Scottsdale as a place to live: 96 percent
Quality of public libraries: 95 percent
Quality of city parks: 92 percent
Quality of fire services: 96 percent
Quality of garbage collection services: 91 percent
Quality of police services: 85 percent
Scottsdale spring training safety plan limits attendance. The city has approved the COVID-19 safety plan for San Francisco Giants spring training baseball at Scottsdale Stadium. The plan limits ticket sales to less than 10 percent of stadium capacity and includes a host of other COVID-19 safety precautions. Seats will be sold in pods of two to six tickets and all pods will be positioned a minimum of six feet apart. Suites will not be used this season. A maximum of 1,000 stadium seats and 170 tickets to the Charro Lodge will be sold per game. The stadium normally seats 11,730 fans, and the lodge usually seats 661.
Prior to entering the stadium, all staff, vendors, media and fans 13 and older will be required to complete an app-based health screening. Attendees two and older will be required to wear a face covering which covers their nose and mouth at all times other than when actively eating or drinking in their ticketed seat. Half-face shields are not permitted. Stadium staff will be required to wear face coverings at all times. Additional buffers will be set between ticketed seats and player areas.
The first game of the 2021 spring season at Scottsdale Stadium is Sunday, Feb. 28. Read the San Francisco Giants/Scottsdale Stadium COVID-19 safety plan (PDF).
Mustang Library building reopens Monday. Scottsdale's Mustang Library will reopen its doors Monday, March 1. Attendance will be limited inside the library building to allow space for physical distancing, and face coverings are required. The Mustang Library drive-thru remains open. Hours for in-person and drive-thru are 10 a.m.-6 p.m. Mondays-Thursdays and 1-5 p.m. Fridays and Saturdays.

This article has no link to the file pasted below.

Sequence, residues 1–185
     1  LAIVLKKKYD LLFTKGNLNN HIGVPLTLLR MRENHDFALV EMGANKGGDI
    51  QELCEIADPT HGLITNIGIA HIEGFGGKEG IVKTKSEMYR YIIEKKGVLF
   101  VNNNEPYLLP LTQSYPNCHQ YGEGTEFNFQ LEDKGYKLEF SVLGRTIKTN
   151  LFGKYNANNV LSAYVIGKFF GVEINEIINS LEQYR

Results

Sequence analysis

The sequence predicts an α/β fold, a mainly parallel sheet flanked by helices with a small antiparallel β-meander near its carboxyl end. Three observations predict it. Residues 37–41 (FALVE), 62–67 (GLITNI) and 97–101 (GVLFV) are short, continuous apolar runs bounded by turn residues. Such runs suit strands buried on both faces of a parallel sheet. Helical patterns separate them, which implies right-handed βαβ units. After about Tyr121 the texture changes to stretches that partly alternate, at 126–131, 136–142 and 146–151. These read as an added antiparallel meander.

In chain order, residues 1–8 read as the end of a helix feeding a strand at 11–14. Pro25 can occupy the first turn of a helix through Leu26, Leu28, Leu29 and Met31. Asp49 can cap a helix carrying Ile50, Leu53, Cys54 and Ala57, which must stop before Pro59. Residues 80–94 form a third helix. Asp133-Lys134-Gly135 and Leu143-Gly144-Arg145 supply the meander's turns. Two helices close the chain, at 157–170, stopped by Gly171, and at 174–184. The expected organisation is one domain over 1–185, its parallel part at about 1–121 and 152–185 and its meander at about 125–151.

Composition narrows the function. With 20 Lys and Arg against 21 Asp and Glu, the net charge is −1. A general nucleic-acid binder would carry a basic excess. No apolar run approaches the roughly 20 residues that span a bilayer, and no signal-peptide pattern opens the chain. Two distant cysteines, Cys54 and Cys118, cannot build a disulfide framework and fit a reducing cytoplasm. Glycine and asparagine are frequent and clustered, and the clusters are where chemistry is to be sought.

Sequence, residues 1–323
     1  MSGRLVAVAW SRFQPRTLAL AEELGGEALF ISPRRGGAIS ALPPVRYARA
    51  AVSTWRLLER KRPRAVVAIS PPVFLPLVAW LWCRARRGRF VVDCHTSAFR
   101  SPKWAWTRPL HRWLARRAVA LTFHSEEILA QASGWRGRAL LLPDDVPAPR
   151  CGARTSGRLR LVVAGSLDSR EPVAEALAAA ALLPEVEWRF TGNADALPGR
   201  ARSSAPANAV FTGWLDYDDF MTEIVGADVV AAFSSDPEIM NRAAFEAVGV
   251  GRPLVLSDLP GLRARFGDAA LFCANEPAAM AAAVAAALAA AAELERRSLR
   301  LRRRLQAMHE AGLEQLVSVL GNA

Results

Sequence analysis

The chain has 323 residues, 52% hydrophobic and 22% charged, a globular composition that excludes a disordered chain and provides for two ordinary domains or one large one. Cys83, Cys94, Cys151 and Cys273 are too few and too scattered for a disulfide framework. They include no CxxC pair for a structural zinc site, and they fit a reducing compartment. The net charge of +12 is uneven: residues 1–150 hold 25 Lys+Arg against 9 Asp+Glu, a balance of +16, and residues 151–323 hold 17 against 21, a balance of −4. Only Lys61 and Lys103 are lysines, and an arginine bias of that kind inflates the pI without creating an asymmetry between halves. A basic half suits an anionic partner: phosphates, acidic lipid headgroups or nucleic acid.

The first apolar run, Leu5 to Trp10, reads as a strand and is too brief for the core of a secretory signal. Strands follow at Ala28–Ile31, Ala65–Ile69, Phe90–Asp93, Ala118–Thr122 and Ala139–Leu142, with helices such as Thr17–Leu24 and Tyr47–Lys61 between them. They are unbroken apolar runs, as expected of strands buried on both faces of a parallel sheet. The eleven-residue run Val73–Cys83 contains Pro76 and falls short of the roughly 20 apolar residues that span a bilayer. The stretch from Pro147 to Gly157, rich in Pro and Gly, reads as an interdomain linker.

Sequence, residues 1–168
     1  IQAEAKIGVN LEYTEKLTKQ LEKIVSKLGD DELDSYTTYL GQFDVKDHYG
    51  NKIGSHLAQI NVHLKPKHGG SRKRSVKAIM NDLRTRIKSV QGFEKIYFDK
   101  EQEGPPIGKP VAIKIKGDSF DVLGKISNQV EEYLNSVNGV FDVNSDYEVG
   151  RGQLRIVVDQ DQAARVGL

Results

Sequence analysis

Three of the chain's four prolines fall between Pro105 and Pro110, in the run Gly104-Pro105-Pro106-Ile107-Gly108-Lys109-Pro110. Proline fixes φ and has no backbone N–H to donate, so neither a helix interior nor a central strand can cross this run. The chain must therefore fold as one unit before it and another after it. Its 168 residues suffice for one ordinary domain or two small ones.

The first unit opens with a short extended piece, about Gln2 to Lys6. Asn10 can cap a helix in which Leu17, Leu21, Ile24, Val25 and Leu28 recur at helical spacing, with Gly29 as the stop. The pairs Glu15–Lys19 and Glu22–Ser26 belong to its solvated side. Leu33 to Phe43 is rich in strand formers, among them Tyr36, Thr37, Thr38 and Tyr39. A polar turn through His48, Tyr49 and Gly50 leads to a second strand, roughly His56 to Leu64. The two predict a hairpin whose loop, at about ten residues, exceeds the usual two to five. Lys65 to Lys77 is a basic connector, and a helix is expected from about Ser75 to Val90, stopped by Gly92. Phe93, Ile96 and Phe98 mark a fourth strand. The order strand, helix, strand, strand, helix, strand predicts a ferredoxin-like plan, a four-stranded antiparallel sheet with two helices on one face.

Scottsdale Arts presents Live and Local “On the Lawn” series. Enjoy a variety of genres of music under the cool Arizona sky at Scottsdale Civic Center’s Fountain Stage. The series runs at 7:30 p.m. Fridays, March 12, 19 and 16; and April 2. Modern roots band QVLN kicks off the series. Safety protocols will be in place, and you can purchase physically-distanced pods for groups of four or fewer. Food and beverage pre-orders will be available. View the full concert series lineup.
Join us for Scottsdale Forward, a premier economic development symposium, March 9. This annual program focuses on key issues and events that affect Scottsdale’s economy. Attend virtually from 7:30-9 a.m. Tuesday, March 9. AXON Chief Revenue Officer Josh Isner will be the keynote speaker. He is responsible for global growth, customer service, professional services and sales operations. Register here.
Help prevent wildfires be getting rid of invasive plants. Invasive plants can become a major fire fuel source during the hot weather when they dry out. Globe Chamomile is one to be aware of, as it is a fast-moving invasive plant in Arizona. Explore your property and be diligent about pulling it now before yellow ball flowers develop mature seeds and dry out in our summer heat. Plants resemble a carrot plant with dark green leaves and a strong odor. Just one pull will prevent the spread of thousands of seeds. In addition to fire danger, invasive plants upset the sensitive and natural ecological balance of the surrounding area and can also disrupt the habitat for desert wildlife. Learn more.
City employee applause!
Library Adult Services Coordinator Erin Riley was recently recognized by Bloomberg Philanthropies as the Innovator of the Week. She and library staff have worked tirelessly since the beginning of the pandemic to adapt to life online amid COVID-19. Creating various services such as curbside pick-up, online library card renewals and registrations, developing a virtual library branch and more have helped the library continue to provide excellent service to patrons.
A resident recently wrote in to thank the city for the upgrades to 105th Street, from Gelding Drive to McDowell Mountain Ranch Road. The street was in poor condition and frequently needed pothole treatments, crack-sealing and other spot maintenance. As part of Scottsdale’s annual pavement maintenance program, the city recently replaced just under one mile of asphalt. High-five to Shayne Lopez, Ed Padron, Ronnie Villanueva, Alan Cummins and Alan Waggerby for their work on this project.
This week's traffic restrictions in and around Scottsdale. Get the list.